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Re: Bad driving [Was: Re: Cupholders & Americans] [long]

Stephen Bigelow wrote:
> -----Original Message-----
> From: Elliott Potter <epotter@abraxis.com>
> >Anyway, it bugs me when people say "well your insurance rates are
> >astronomical because you're under 25."  Yes, they are, but is my being
> >under 25 a good reason for my insurance rates to be astronomical?
> Because males under 25 get into more than their share of accidents,
> therefore costing the insurance companies more.
This is what insurance companies say, too.  Then they whip out some
scary statistics with graphs and tables and then tell us to bend over.
Well I can't putt any graphs because they'll get filtered out, but here
are some tables [1]:

Driver involvement in all crashes (fatal, injury, and

(nn percent of crashes involved the driver at fault being in age group
Age	Percent
16-24	25%
25-34	24%
35-44	21%
45-54	14%

Wait, what's that?  There's not much of a difference until you hit
45...the oh-so-mature 25-34 segment just barely edges out the
serial-killer-on-wheels teenagers.  That's 1%...and we're only 4% over
the 35-44 wise-and-tired group.

But wait, let's look at some more measures of "maturity."  How 'bout
alcohol involvement [2]?

(Of all crashes in age group, what percent of them involved alcohol).

Age	Alcohol inv.
16-24	27.2%
25-34	31.1%
35-44	27.3%
45-54	18.9%

"All of those drunk teenagers, with no respect for the law, endangering
the lives of others."  Oh, wait.....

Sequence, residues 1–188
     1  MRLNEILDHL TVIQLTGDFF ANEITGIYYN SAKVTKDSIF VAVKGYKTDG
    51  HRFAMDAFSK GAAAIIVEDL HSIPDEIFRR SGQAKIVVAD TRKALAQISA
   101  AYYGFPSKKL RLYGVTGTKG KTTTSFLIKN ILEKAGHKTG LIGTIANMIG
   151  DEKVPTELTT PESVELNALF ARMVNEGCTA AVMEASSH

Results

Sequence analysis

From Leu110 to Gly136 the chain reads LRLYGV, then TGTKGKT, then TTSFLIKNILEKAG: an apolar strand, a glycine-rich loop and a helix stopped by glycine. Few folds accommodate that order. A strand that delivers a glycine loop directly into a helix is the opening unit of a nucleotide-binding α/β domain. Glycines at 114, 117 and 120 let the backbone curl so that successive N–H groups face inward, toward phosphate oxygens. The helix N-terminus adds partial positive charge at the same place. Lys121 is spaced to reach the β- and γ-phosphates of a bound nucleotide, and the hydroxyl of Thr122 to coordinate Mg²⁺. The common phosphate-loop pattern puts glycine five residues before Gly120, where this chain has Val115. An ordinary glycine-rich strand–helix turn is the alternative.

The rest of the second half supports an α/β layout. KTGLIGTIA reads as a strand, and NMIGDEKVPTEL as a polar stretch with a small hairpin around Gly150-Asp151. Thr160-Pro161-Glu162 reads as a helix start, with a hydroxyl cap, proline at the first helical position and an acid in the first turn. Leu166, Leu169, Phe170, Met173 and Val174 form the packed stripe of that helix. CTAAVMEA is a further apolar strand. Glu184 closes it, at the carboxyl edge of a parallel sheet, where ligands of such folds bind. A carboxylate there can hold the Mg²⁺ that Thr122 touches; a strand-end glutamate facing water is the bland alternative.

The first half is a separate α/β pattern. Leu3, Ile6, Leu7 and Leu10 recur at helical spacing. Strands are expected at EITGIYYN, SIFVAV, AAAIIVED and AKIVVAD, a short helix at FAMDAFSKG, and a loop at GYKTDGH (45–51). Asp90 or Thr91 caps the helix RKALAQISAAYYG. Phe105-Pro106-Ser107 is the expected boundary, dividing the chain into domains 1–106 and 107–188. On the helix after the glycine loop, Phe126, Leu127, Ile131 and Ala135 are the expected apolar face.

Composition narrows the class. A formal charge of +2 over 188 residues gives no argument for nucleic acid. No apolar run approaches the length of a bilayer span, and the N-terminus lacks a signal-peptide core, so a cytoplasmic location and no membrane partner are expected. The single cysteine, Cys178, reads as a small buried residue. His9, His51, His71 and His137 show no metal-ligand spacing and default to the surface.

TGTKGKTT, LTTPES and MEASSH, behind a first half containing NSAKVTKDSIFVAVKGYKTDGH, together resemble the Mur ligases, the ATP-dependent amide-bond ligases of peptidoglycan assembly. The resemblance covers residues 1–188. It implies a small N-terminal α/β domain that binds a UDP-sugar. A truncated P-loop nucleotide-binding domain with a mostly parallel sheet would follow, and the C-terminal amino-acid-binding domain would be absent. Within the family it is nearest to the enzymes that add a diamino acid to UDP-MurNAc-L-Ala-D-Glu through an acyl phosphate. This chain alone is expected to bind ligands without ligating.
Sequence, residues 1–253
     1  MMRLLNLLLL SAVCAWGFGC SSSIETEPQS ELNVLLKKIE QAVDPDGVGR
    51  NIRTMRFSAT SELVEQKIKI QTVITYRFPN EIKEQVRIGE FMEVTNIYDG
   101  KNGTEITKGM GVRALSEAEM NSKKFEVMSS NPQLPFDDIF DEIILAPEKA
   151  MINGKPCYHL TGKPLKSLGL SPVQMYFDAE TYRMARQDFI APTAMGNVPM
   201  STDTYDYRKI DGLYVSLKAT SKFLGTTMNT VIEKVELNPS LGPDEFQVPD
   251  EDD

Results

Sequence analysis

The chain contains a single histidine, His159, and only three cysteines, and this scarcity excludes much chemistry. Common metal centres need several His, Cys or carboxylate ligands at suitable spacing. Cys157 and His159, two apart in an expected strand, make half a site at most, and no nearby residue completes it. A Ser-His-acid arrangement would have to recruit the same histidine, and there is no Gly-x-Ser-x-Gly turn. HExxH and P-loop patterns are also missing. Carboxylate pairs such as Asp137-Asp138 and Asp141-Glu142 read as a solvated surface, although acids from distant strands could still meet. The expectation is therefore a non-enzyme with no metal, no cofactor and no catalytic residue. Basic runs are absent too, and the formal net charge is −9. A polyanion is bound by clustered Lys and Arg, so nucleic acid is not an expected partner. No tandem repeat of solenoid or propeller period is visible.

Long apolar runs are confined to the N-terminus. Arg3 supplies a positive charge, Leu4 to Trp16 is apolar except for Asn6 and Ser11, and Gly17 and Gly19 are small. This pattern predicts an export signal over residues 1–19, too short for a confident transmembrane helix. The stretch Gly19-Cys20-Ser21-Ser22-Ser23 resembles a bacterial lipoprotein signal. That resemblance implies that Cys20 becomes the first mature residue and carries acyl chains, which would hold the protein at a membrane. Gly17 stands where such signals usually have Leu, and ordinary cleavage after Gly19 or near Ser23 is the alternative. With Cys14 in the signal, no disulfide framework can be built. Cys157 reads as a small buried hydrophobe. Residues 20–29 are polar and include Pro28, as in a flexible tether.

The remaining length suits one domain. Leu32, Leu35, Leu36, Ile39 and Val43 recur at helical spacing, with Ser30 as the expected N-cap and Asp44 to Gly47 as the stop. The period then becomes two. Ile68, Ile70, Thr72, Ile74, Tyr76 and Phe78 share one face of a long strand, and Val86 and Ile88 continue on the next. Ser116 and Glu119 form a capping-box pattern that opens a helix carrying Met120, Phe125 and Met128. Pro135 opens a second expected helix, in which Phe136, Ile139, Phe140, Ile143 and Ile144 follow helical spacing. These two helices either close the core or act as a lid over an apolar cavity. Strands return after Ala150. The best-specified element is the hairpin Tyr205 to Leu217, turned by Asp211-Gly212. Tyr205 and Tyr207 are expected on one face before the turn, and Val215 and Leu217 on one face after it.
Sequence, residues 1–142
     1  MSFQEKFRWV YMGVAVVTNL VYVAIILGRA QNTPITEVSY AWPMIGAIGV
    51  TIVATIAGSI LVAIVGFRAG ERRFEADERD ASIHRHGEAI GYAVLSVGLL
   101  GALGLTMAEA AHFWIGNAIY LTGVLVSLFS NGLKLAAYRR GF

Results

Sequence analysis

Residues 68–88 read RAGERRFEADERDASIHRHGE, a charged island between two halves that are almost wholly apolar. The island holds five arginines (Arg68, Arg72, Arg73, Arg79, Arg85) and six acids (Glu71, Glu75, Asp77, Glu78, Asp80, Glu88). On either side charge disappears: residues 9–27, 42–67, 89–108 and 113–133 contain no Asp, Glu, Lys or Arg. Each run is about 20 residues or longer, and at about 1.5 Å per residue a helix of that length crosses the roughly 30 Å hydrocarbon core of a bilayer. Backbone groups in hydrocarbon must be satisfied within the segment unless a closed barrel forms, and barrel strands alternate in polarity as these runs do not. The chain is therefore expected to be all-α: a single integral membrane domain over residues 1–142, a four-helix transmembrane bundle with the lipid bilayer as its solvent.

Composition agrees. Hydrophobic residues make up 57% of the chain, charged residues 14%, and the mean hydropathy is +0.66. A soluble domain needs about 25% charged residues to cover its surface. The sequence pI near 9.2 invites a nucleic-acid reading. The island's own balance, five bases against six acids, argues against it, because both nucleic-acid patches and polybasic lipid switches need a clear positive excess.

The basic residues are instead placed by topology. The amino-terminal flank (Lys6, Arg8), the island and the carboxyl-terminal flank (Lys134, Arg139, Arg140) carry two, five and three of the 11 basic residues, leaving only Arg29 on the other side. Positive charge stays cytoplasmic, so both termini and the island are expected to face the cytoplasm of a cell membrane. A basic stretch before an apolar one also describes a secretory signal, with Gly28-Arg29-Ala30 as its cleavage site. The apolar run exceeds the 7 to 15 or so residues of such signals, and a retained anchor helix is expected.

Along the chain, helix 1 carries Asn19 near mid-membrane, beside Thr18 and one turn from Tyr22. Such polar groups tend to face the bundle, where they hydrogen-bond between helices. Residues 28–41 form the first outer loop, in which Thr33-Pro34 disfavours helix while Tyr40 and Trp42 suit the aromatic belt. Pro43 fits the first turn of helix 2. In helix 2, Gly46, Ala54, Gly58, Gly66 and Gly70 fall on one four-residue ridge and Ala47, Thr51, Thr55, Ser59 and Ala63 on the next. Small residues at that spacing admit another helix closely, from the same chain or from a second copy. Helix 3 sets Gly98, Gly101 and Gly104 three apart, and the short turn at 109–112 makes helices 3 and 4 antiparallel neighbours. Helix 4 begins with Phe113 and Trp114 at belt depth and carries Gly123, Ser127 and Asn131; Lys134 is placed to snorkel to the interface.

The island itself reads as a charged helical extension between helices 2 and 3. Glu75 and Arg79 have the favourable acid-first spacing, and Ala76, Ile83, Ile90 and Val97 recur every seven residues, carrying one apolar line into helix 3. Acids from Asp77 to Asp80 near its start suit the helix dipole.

So how come your insurance rates drop so much when you're 25?  It's not
because your driving is any better, or that you handle your liquor more

Think of it this way:

20 year old driver, late for his class at college, weaving down the
highway but won't be super-concerned if he misses class...nothing much
to lose
28 year old driver, late for the big meeting, "on the fast track,"
weaving down the highway because he has to make this
meeting...definitely something to lose-his job
30 year old driver, late at night, weaving down the highway because he's
piss drunk (or is that another "sweeping generalization?"  OK, it is,
but you're missing my point)

Which is more dangerous?  Someone can say that as you get older, you
have more to lose by going fast.  But young corporate workers tend to
have more to lose by being late, too, while younger people tend to have
less to lose by being late, so that sort of cancels out.

So my point remains: the fact that I'm 20 hardly makes me more likely to
be the cause of an accident, or to kill someone while I'm behind the
wheel (drunk or not).  So what's the deal here?  My question still
stands, why would my insurance rates be higher than a 30 year old's with
the same record?

> 16 years old, no driving record...what are you going to charge them a year?
> Cheap?
No, not cheap.  But instead of charging 'as much as they can get' out of
us, how about charging us by our relative risk?  If they charged all of
those 30-somethings the same rates they charge us, insurance legislation
would have gone through congress years ago.


[1] Source:
_Traffic Safety Facts 1997_, U.S. Department of Transportation, NHTSA.
Page 98, Table 63
"Driver Involvement Rates per 100,000 Licensed Drivers by Age, Sex, and
Crash Severity, 1996"
Section used: "Drivers in All Crashes"

[2] Source:
_Traffic Safety Facts 1997_, U.S. Department of Transportation, NHTSA.
Page 112, Table 77
"Drivers Involved in Crashes by Age, Alcohol Involvement, and Crash
Section used: "Drivers in Fatal Crashes"